Attract birds to your yard with home-made environmentally friendly gourd bird houses. You can make several in an afternoon and have fun doing it. You can keep it simple or you can tap into your playful side.
Getting the gourd
Ask around at local farms and farmer’s markets. There is a good chance that you will find some already dried. If so, you can start making your birdhouse right away.
If you plan ahead, you can grow your own gourds. How cool would that be?!
Drying the gourd
The easiest way to dry your gourds is to spread them out in a box and place them in the garage for the winter. They are going to mold on the outside a bit no matter what you do: no worries. Check on your gourds: if a gourd is rotting (i.e. the shell is getting soft), you should discard it so it won’t spoil the others.
Cleaning your gourd
Some people soak their gourds in a bleach solution to remove the mold. I don’t like to use bleach more than necessary and I find it isn’t necessary here. Either way you will need to scrub and wash and even scrap your gourd clean. It takes a bit of elbow grease. Don’t you like the patterns left on its skin?
Drilling the holes
Use a drill bit for the size you want your birdhouse hole to be. You can find suggested birdhouse hole size for specific birds online. I used a two inch (diameter) hole for the birdhouse seen here.
I also drilled small drainage holes in the bottom of the gourd just in case rain should get inside.
Finished birdhouse has linseed oil applied.
Finishing the birdhouse(s)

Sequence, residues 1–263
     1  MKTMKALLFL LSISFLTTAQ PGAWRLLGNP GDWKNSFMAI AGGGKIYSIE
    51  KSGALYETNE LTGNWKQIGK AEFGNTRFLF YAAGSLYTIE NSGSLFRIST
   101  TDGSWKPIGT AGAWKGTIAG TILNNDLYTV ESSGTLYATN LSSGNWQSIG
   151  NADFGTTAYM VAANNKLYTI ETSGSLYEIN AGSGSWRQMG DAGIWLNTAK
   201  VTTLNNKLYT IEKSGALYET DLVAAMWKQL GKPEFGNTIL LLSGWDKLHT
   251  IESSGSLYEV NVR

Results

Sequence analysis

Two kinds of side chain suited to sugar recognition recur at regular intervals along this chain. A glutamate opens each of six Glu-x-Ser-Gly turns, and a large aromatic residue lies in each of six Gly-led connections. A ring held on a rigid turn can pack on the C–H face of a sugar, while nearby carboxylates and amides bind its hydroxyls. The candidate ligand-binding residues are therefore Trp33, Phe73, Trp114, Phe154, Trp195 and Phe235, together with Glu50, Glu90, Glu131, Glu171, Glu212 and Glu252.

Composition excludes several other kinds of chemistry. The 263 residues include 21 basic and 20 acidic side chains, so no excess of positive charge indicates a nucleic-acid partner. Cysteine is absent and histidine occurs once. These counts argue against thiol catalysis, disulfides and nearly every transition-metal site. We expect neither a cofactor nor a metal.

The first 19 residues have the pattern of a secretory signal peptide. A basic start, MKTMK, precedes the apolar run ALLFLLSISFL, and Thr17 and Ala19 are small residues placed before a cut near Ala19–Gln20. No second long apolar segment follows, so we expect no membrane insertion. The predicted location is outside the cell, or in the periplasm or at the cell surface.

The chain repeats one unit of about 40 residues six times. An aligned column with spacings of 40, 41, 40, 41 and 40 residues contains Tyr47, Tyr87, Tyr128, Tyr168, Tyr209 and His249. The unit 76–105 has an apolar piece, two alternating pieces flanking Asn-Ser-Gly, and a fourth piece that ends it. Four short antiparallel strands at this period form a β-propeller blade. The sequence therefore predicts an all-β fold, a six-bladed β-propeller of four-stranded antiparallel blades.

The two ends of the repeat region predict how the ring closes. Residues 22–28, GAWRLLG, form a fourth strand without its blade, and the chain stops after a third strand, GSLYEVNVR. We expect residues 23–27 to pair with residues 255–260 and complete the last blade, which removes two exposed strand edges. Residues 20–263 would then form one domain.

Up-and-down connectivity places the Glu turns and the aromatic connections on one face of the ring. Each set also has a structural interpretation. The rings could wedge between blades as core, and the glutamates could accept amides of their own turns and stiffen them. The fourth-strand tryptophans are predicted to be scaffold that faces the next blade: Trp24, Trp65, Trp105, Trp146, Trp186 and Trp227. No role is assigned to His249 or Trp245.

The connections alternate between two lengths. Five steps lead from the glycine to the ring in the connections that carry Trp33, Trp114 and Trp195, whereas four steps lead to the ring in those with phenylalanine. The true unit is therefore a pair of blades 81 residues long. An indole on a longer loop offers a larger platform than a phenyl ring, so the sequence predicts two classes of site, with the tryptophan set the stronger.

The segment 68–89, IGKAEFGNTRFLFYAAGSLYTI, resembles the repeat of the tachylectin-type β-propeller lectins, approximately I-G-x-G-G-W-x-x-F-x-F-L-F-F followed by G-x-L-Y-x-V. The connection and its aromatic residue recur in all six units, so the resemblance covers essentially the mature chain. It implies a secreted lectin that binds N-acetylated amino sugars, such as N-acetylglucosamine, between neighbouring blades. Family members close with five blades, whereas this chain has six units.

Find salvaged paint (your own or someone else’s leftover paint). I found a small container of exterior paint at the Restore and used that to paint one of my birdhouses. I also used the two hole pieces, from the door openings which I painted white, for the eyes of this amusing birdhouse. I used Gorilla glue to attach them.
For my other gourd, I applied linseed oil. Linseed oil is a natural oil used as a wood preservative and is made from flax seeds. Use a rag to rub on a thin layer of oil. If using multiple coats, allow to dry between applications. The linseed oil will give the gourd a polished look and will help repel the rain. Linseed oil doesn’t preserve your birdhouse for as long as other products but you can compost the old and make a new.
Hanging the gourd birdhouse
Use a piece of scrap rope/ string or even an old shoe lace to hang your finished birdhouse. If you want to be fancier, you can bend an old coat hanger into a hook. First drill two holes to slide the wire through.
This purchased birdhouse has an orange stain on it. Stain is nice because it gives the birdhouse a color but the natural look of the birdhouse shows through. The diameter hole for this birdhouse is 2 inches. I placed this orange gourd birdhouse outside my front door where it is sheltered by our house roof. It is hanging on the wall of our house. Despite the fact that wren birdhouse hole sizes are recommended to be much smaller, a pair of wrens moved into our gourd birdhouse and successfully raised six chicks last summer (2009).
I hope they will be back, I do love wrens. On a side note, I’ve seen wrens go in/ out of our gourd birdhouse in the winter. I assumed that it or they were seeking shelter from the cold. This is one of the baby birds that left the nest that day. So cute!
This is a snapshot of the mother or father wren that worked tirelessly feeding all those babies!